"'s been said if we lose that war, and in so doing lose this way of freedom of ours, history will record with the greatest astonishment that those who had the most to lose did the least to prevent its happening." -- Ronald Reagan

I was impressed by the clarity in your comment. . . when I assumed it must have been in response to 5. Ah, well.

Seems like it's never been easier to meet people or to avoid them entirely, whichever you prefer. But social scientists gonna social science ...

No -- can't get to know women because you'll get fired, can't get to know men because they'll think you're a homo.

There are lots of people about who like people, but don't like meeting people.

Not something that should be unexpected; people evolved in small bands and villages, many will be able to adapt to a larger social world and few might even prefer it (more opportunities for personality matching etc). Some won't.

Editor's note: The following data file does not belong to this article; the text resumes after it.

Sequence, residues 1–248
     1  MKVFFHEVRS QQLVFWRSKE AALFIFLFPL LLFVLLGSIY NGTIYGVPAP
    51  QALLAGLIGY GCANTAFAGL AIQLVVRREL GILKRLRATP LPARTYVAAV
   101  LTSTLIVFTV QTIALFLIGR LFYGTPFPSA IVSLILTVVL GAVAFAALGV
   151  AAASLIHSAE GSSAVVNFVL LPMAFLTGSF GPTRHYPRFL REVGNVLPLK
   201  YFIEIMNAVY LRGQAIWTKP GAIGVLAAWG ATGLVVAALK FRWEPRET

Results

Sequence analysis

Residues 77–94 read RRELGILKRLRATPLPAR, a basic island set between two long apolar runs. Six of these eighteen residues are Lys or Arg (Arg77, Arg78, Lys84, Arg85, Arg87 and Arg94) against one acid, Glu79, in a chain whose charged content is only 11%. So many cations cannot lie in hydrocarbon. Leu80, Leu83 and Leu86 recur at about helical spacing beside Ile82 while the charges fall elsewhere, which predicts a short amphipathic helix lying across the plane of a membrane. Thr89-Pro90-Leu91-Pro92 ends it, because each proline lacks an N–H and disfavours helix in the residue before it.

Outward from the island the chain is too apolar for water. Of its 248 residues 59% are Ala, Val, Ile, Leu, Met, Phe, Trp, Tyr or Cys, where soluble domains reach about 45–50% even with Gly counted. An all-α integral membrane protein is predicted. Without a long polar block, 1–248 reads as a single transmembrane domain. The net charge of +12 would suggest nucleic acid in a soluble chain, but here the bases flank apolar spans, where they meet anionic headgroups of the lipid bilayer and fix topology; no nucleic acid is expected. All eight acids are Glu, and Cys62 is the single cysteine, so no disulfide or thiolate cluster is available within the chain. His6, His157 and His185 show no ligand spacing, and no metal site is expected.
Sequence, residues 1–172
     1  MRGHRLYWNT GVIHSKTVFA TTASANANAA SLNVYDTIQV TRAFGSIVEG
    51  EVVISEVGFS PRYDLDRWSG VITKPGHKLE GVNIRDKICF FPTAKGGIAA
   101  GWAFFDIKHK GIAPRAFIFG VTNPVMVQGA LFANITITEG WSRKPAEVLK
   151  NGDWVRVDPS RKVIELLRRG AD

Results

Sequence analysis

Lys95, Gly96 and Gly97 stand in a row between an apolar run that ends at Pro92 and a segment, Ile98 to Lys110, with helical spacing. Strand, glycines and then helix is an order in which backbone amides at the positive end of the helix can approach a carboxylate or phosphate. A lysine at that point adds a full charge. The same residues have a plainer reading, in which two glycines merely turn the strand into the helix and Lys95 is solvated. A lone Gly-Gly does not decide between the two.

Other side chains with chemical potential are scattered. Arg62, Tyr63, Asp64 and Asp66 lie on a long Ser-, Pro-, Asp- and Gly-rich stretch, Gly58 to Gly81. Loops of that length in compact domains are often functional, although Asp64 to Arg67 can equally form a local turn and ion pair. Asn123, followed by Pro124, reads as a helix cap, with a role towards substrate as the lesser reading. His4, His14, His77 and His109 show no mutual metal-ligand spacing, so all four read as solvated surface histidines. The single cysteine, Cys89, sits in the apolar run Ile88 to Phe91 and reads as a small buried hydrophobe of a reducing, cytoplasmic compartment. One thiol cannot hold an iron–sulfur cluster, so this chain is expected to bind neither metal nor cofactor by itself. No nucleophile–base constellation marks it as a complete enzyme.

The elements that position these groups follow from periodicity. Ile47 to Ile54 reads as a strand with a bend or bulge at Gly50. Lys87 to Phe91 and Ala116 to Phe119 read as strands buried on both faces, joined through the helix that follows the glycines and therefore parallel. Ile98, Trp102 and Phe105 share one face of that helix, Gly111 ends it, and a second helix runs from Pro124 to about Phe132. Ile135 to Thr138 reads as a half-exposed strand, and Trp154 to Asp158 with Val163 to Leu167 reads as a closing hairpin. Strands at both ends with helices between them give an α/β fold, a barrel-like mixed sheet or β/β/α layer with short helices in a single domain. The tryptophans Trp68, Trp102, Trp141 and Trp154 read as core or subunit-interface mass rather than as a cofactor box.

#4, the old adage that there are no atheists in foxholes is of about the same quality argument as Pascal's Wager, which is a poor argument.

“People say there are no atheists in foxholes. A lot of people think this is a good argument against atheism. Personally, I think it's a much better argument against foxholes.”

― Kurt Vonnegut

False. Foxholes can be very, very handy and there is no argument against them. There are probably millions of people who can attest to this... none of whom you will ever meet.

'and there is no argument against them'

Vonnegut fought in WWII, and experienced the bombing of Dresden. His argument against them is simple - you only dig foxholes during a war, leading to him concluding that without wars, no one would dig foxholes.